If you are interested in Voice over IP, are not intimidated by open-source software, and dont want to part with tens of thousands of dollars up front, take a close look at Asterisk (www.asterisk.org). Developed largely by Mark Spencer, this Linux-based, open-source PBX replacement is an excellent appli-cation and can even be considered for use as your permanent VoIP gateway solution.
Asterisk provides most features of traditional PBXs, such as voice mail services, call conferencing, ACD (Automatic Call Distribution), and IVR (Interactive Voice Response), to name just a few. In addition, it can handle call queuing, bridging, and conference calling with the use of virtual conference rooms. With its automatic generation of CDRs (Call Detail Records), the solution also points to Mark Spencers aspirations of having it become a viable alternative to traditional PBX solutions.
Using Asterisk was very satisfactory, and the overall call quality was excellent. What imperfections we experienced in the VoIP calls could be attributed to poor network conditions rather than Asterisk. The systems performance impressed us, especially considering that we had installed it on a 500-MHz Pentium III system with 256MB of RAM. This was fine for our testing purposes, in which we ran a household telephone system with only four phones. But if you are planning to use this in an office environment, youll need to scale your hardware to match your performance needs. CPU utilization will quickly increase when multiple calls are in progress.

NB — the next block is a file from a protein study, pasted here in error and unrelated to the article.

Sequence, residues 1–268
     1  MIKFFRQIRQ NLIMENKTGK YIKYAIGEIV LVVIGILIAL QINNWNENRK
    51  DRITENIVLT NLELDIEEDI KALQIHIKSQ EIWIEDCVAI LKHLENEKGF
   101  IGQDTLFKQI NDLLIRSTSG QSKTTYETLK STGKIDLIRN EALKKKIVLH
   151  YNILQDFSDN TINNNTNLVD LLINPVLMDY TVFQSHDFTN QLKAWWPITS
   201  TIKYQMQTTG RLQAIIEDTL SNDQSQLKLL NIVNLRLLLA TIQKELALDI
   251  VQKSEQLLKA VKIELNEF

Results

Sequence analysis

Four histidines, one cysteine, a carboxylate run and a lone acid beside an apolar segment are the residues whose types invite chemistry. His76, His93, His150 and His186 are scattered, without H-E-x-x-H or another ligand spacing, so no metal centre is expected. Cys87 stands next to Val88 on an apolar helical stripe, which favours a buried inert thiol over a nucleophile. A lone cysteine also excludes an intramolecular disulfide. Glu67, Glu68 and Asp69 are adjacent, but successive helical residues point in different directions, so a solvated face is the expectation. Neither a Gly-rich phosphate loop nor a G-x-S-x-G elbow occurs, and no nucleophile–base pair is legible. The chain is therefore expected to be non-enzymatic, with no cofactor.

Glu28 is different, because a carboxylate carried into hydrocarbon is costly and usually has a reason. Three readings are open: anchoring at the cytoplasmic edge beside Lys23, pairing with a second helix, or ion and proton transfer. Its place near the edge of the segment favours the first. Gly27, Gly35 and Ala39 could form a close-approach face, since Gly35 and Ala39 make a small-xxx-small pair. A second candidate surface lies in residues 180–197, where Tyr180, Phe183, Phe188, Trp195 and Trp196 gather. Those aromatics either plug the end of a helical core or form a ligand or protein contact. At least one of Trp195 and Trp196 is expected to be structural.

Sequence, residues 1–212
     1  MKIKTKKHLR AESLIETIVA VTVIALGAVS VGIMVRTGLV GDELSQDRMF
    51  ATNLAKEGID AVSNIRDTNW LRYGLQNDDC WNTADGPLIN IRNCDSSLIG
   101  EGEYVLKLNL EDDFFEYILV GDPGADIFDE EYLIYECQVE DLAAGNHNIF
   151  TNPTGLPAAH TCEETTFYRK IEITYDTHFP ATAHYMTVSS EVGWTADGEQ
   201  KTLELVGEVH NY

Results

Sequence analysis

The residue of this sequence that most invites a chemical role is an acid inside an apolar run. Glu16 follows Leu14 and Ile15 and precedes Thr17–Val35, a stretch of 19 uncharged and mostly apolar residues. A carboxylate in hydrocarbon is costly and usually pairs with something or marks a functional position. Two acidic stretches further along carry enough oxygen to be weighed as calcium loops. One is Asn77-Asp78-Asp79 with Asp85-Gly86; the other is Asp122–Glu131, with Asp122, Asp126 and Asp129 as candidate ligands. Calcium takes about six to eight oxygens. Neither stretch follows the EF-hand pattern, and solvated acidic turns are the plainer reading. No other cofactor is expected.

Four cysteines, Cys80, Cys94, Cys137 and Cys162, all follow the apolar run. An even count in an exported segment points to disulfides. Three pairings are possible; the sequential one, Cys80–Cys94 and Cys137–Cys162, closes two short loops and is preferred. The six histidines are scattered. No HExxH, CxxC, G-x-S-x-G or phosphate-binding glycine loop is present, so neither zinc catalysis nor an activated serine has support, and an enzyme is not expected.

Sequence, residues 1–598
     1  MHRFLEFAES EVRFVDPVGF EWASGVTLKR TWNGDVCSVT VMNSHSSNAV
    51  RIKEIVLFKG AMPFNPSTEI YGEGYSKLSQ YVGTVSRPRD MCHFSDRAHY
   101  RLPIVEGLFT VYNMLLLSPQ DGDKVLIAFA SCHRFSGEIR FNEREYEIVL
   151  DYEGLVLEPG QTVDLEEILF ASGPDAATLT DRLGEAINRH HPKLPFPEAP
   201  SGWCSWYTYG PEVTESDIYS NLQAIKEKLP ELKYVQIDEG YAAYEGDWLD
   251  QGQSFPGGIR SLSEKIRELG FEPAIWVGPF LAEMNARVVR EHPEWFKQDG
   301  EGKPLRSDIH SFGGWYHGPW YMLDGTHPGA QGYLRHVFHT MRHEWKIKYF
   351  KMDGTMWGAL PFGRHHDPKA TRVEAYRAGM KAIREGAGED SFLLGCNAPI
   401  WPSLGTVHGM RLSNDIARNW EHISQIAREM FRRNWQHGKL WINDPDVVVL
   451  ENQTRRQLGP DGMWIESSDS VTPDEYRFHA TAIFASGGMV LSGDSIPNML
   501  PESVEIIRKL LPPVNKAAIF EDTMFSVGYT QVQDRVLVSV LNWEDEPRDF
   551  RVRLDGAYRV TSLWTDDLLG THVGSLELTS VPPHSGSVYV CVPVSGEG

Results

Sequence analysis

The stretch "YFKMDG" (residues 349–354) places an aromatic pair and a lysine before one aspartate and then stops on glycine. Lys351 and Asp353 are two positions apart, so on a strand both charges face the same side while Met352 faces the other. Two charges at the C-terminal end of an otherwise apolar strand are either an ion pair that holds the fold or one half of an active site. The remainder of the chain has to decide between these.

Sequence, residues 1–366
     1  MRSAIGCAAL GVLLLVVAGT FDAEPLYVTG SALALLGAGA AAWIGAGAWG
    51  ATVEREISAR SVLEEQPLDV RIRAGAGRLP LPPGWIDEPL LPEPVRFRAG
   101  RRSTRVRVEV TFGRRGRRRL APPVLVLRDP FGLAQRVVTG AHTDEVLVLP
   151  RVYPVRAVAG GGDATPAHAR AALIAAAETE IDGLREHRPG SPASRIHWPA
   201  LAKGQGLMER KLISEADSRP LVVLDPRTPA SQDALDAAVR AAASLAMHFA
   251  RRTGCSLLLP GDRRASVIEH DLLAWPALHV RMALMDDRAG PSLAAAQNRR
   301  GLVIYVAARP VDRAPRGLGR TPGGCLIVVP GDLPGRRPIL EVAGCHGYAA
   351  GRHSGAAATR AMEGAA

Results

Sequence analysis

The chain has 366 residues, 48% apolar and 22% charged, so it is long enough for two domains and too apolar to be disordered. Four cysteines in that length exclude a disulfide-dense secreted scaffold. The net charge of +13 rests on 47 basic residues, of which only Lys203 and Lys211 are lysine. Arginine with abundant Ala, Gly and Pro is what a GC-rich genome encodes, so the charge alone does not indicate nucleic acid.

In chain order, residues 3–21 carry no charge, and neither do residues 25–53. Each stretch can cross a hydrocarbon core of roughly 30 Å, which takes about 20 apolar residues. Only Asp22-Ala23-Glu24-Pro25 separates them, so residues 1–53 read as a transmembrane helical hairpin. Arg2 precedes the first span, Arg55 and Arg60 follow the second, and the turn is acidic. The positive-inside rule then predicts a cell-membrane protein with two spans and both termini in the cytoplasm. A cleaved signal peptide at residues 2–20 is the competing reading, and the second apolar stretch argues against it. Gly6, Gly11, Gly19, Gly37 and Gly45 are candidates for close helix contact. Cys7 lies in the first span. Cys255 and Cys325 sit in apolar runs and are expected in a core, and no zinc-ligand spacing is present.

One challenge to keep in mind from the beginning: Depending on the hardware you select for your system (especially the phones), you might encounter glitches such as poor sound quality that have to be researched and then patched or fixed. This is a major downside to implementing an open-source solution; it usually does not provide an integrated end-to-end package, including hardware and software. While you have more flexibility in the hardware and software selection, you might find yourself having to solve any number of problems.
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